URSABLOG: The Measure of a Man

 

Do we ever really know a man? We see different sides, different perspectives, through the lenses of different relationships, dependent on what the man himself chooses to show, intentionally or otherwise. We never get the full picture.

 

This is true even when we consider ourselves; when we look in the mirror we only see one dimension, the one facing us. 

 

Have you ever walked into a lift with mirrors on the walls? You see a strange image of the back of yourself moving in the opposite direction you should be, repeating and fading into infinity. You would love to stay and examine these images, play with the perspectives, but then the doors open and you step back out into real life.

 

Consider your friends. How much do you really know about them? However much you love them, however much time you spend with them, you consider the friend from your point of view; it’s no-one’s fault, it’s all you can do. But then something happens, you get a jolt, and then you see your friend through the eyes of many other people. You get a completely different perspective, and have to reconsider your friend, and your relationship. You may even end up reconsidering yourself.

 

I have had just such a jolt: a vicious, bitter, vicious and sudden jolt. My friend Tony Smith, known to many of you in the shipping industry, died last week. I will not dwell on the tragedy of his last few days, or the torment and despair his friends and family have been through. I only want to share with you my thoughts about Tony.

 

Three things come to mind when I think of Tony:

 

-           Loyalty

 

-           Integrity 

 

-           Καλό παιδί

 

Tony’s friends were dispersed in small pockets around the world, most of them in shipping, not surprising considering he spent over thirty years working in the industry. So many of us were familiar with the “hello mate” he would start every conversation with when he called you. If he liked you, and trusted you, you were stuck with him. I was at first puzzled by this; shipping is such a fickle industry that we treat loyalty as suspect. “What do they mean by that?” Tony was a better man than that. 

 

His bosses knew this loyalty, his colleagues too. And my brother and sister brokers knew it well: he was not partial, he was scrupulously fair, but if he felt you were worth it he would help you.

 

Over the last few days this loyalty has been put into fresh perspective. The stories I have heard from his colleagues, his former clients, his friends bear testament to this. I know for a fact that his loyalty to his family overrode every other consideration. This is part of what makes his death now, at the age of 49, so brutally tragic. 

 

His integrity was harder to see, but ran deep, down to his very roots: it defined his sense of what a man should be. He was a man like most of us I suppose, with strengths and weaknesses, but there was a stubborn core in him that meant, in the end, he could only do what he thought was the right thing to do.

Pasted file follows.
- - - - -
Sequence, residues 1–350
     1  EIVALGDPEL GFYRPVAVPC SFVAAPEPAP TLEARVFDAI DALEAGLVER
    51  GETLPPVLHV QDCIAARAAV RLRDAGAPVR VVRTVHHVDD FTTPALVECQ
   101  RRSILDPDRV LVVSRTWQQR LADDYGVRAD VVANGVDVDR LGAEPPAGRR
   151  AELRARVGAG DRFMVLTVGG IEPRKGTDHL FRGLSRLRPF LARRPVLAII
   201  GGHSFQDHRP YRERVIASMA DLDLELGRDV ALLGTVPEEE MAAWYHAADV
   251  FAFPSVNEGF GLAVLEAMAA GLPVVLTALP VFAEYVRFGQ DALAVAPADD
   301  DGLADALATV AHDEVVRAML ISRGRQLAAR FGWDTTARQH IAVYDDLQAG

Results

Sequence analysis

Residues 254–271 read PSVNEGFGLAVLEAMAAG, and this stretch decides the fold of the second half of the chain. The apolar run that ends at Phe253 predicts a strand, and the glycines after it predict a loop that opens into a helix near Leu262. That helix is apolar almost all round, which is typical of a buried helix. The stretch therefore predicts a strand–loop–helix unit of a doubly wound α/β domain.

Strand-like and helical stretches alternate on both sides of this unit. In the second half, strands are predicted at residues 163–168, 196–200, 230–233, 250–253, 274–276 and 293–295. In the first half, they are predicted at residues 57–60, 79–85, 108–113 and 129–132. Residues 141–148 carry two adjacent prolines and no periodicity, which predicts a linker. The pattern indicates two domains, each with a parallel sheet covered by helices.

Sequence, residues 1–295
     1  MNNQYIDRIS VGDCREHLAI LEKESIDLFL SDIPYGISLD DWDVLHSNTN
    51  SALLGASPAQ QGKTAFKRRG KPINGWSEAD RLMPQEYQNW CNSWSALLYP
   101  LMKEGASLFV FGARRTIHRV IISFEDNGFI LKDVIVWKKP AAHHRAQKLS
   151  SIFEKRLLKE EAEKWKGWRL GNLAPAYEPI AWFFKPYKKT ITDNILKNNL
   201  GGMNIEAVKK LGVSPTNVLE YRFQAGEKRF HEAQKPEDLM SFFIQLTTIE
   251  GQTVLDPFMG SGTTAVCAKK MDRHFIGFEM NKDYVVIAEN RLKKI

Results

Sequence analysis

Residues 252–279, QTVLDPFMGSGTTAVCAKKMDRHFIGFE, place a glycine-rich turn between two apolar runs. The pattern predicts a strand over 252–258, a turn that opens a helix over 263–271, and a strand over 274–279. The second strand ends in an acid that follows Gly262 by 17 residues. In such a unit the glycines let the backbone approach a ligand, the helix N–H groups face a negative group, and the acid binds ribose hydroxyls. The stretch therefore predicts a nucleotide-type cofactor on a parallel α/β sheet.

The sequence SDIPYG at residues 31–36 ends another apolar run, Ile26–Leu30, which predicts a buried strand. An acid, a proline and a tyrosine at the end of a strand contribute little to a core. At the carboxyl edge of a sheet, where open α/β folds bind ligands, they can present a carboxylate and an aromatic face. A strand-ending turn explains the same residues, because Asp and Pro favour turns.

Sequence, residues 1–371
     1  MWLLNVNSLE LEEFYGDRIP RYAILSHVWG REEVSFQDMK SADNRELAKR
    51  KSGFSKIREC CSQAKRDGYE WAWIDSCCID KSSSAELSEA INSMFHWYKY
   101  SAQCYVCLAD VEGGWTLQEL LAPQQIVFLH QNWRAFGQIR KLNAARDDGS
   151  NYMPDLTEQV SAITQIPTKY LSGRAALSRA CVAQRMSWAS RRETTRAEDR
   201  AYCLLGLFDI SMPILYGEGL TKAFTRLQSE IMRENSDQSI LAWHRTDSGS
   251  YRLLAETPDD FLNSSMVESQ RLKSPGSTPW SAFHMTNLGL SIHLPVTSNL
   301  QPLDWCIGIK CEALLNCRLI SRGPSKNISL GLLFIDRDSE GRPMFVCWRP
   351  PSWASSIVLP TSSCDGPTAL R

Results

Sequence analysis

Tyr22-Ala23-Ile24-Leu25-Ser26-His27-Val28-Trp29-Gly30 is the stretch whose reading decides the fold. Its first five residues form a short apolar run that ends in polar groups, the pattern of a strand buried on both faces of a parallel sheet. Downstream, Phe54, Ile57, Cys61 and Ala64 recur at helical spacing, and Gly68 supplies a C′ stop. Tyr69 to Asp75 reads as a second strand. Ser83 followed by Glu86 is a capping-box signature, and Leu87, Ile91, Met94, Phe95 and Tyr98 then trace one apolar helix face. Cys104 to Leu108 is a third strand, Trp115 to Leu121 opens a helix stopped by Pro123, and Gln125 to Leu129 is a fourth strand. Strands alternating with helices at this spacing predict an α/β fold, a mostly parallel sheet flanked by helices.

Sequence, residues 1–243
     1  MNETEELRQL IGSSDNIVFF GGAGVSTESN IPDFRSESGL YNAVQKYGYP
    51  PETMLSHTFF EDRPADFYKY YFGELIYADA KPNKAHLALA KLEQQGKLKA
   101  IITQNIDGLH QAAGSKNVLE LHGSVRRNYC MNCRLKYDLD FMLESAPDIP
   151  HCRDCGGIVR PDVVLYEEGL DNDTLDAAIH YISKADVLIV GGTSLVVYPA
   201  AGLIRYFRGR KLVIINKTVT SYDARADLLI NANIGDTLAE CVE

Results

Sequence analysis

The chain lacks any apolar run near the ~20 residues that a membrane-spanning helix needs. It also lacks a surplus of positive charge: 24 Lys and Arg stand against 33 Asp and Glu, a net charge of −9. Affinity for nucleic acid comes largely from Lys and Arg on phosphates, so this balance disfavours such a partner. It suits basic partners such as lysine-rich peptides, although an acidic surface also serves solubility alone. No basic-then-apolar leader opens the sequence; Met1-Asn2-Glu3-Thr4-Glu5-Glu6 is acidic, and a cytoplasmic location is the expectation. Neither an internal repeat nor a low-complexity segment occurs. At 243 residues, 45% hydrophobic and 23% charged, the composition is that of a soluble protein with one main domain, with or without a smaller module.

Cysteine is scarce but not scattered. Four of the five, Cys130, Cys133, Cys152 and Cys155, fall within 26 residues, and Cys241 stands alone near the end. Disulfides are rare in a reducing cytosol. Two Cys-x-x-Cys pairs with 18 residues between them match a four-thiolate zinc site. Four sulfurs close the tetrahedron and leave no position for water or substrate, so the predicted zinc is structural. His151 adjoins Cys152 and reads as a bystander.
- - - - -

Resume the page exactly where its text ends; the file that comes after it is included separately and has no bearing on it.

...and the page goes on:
He was the superlative owner’s broker. When he was bored, or preparing for action, he would call me and ask me for advice on sale contract terms. When he had completed this work of art, this labour of love, he would call again and say “I have such a kick-ass set of seller’s terms now you would not believe it.” He was half right: they did kick ass, but I could well believe it. 

 

As for καλό παιδί, he was simply one of the good guys. His little acts of kindness and thoughtfulness were given freely: to family, to colleagues, to friends, even to brokers. The examples are too many to mention, and as a naturally shy man he would not want me to publicise them. But he touched me deeply a month or two ago when we were out for dinner and although he himself was going through a time of personal difficulty and stress, he nevertheless interrogated me, and gave some hard and uncompromising – and welcome, and wise – words of advice. 

 

When someone close to us dies it is an emotional time and all sorts of feelings well up in us: some honourable, some conflicted, some generous, some angry, on many occasions all at the same time. We think, instinctively perhaps, of our own mortality, that life is too short, and we must seize the opportunities and live life to the full. We try and keep it up for a while, but then eventually, inevitably, we go back to our old ways and carry on as normal. Or we think, what’s the point? Life is so fragile and can be taken away so arbitrarily, so suddenly, that it renders us hopeless. And then we see the effect on others, and are moved by pity and sadness. Or we try and block it all and carry on life as normal. The reactions are unique to us, as different from each other as we are as human beings, but the thing about death is that life goes on, despite it, because of it.

 

My own thoughts have not yet settled, but the overriding impression I have of Tony is that he was someone you could count on. Not just a safe pair of hands, but a good, loyal guy who strove to do what was right. That’s fine as an epitaph, some nice words to carve somewhere in his memory, but if that is all there is left of him, it misses the point somehow. I can regret that I didn’t do enough to show him my appreciation of him as a man whilst he was still with us, but that doesn’t quite ring true either.

 

I miss him. In acknowledging that I have to admit to myself that he occupied a space in my life that cannot easily be refilled. But more than that, I don’t want that space filled, even if it means that the sadness and the sense of loss will not fade as quickly. That was the measure of this man. May he rest in peace.

 

Simon Ward